LACONIA — A Belknap County Superior Court judge will not dismiss an appeal of a December 2015 Gilford Zoning Board of Adjustments ruling that negated a Planning Board decision not to move forward on a site plan review for a wedding venue on Timber Hill Road.
The Planning Board had previously determined that agriculture and agritourism were not the same thing and that Andy and Martina Howe's proposed wedding venue site was not allowed under town ordinances and state laws, which at the time were supported by a N.H. Supreme Court ruling.
The ZBA overturned the Planning Board's assessment and forced it to conduct a site plan review.
Abutter Monique Twomey appealed the ZBA decision Superior Court. The town of Gilford and the Howe's, who were granted intervenor status, both asked the court to dismiss the case as moot or now longer applicable because a definition of agritourism was added to the town ordinance by the voters at annual Town Meeting.
Twomey objected to the dismissal because the decisions by the planning board and ZBA were based on the definition of agriculture and not the definition of agritourism. She contends that the voters didn't change the definition of "agriculture" in March but only added "agritourism" as a permitted use in some zones.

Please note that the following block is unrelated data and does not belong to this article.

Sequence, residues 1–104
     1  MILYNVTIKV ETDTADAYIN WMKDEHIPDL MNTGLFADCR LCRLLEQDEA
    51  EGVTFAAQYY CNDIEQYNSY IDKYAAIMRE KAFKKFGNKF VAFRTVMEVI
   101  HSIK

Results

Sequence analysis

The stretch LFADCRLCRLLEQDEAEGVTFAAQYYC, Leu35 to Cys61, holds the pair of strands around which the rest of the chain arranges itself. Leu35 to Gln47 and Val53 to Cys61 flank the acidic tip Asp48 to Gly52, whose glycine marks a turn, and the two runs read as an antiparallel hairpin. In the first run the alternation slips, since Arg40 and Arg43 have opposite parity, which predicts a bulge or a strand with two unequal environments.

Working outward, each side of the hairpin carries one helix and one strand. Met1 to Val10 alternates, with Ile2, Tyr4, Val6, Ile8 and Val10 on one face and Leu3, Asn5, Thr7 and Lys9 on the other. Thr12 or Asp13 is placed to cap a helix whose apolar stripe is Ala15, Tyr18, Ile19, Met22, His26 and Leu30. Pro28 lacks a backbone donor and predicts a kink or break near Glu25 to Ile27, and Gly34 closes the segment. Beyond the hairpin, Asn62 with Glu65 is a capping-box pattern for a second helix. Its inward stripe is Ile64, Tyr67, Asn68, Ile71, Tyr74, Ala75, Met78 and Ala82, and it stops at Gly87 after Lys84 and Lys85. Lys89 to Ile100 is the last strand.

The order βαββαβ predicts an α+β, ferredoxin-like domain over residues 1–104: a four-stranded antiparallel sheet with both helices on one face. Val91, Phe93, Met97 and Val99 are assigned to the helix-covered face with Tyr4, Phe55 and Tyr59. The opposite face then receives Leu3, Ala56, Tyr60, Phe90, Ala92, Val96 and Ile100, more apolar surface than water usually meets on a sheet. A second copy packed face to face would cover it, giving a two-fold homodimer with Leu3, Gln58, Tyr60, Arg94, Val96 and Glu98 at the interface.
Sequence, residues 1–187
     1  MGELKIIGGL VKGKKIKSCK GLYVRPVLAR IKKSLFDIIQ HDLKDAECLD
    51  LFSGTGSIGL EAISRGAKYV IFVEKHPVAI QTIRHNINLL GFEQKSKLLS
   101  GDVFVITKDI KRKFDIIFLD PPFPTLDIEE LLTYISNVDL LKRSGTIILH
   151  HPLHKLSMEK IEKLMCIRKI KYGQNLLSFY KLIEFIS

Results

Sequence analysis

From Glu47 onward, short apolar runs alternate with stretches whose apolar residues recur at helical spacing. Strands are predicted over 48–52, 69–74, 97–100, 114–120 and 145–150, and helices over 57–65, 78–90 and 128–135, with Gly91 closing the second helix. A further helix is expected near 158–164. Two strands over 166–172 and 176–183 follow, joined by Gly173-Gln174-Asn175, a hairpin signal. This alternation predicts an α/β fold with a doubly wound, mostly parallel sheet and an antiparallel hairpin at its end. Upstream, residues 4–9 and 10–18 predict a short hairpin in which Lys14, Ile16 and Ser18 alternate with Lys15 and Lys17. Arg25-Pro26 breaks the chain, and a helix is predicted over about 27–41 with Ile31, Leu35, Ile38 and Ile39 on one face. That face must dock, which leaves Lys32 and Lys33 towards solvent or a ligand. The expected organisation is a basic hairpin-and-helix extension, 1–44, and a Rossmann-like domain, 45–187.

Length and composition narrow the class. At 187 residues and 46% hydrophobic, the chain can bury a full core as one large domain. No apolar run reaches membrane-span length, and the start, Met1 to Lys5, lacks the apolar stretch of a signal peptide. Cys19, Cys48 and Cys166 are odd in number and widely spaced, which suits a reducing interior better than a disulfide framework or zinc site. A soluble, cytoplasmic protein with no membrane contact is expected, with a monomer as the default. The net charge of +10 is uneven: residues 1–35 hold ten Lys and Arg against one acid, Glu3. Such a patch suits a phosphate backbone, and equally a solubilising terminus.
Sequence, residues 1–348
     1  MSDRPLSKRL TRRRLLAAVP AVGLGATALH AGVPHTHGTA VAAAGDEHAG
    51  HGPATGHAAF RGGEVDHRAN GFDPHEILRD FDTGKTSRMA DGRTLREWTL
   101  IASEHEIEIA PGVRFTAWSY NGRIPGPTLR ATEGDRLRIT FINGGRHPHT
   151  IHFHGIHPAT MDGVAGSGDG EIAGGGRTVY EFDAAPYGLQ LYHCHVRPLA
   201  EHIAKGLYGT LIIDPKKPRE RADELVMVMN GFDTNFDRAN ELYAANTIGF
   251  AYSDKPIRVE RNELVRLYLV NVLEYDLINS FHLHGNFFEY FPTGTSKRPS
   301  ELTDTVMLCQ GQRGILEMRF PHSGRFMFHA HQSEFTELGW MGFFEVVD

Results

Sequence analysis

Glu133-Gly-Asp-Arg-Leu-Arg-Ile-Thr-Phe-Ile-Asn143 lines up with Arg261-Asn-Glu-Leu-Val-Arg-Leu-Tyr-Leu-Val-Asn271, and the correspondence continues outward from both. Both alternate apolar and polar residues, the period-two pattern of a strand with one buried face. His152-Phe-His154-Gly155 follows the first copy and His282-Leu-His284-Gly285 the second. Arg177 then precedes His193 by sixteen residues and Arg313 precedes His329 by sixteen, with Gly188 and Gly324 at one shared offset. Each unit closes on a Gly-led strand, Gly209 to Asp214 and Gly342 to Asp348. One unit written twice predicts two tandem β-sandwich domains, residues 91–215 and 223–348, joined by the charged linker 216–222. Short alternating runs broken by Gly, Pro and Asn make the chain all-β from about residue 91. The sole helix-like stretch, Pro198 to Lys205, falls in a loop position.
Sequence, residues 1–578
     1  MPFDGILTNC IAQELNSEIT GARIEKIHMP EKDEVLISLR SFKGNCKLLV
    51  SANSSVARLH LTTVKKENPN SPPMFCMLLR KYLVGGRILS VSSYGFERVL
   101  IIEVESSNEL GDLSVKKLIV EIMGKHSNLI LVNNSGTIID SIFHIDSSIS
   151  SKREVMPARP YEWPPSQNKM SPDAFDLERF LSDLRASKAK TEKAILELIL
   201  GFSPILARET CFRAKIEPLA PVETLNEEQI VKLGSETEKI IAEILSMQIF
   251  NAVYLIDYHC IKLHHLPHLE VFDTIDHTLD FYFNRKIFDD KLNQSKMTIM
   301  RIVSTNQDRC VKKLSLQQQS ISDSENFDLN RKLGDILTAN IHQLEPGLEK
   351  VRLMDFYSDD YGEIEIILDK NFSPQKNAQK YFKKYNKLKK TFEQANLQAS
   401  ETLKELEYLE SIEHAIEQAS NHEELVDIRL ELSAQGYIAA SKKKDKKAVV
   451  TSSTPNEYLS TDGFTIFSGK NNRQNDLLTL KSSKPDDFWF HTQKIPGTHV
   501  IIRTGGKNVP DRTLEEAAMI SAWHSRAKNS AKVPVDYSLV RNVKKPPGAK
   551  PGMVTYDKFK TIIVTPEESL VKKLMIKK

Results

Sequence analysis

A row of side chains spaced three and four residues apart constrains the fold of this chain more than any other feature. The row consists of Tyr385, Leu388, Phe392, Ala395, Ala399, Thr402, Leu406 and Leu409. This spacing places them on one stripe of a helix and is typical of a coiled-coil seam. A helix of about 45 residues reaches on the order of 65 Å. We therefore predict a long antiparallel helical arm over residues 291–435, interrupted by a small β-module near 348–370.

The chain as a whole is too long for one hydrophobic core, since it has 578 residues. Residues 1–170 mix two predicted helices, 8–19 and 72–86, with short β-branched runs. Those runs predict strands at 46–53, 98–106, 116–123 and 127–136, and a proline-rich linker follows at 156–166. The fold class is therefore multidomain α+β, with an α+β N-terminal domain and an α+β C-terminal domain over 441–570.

"Upon review, the court agrees with (Twomey) that there is still technically an issue ripe for review presented in this case," wrote presiding Justice James O'Neill.
He said the underlying ZBA was based on a definition of agriculture, which was not changed at Town Meeting.
"The issue of whether the ZBA's interpretation of this definition was lawful and reasonable is unaffected by this amendment," he wrote.
O'Neill denied Twomey's request to amend her request for a restraining order to stop the Howe's from gaining site plan review, agreeing with the town of Gilford's assertion that state law does not entitle the court to issue a stay of a Planning Board decision.
O'Neill did point out that, as the town says, the law automatically stays any Planning Board decisions once the court has agreed to hear the case.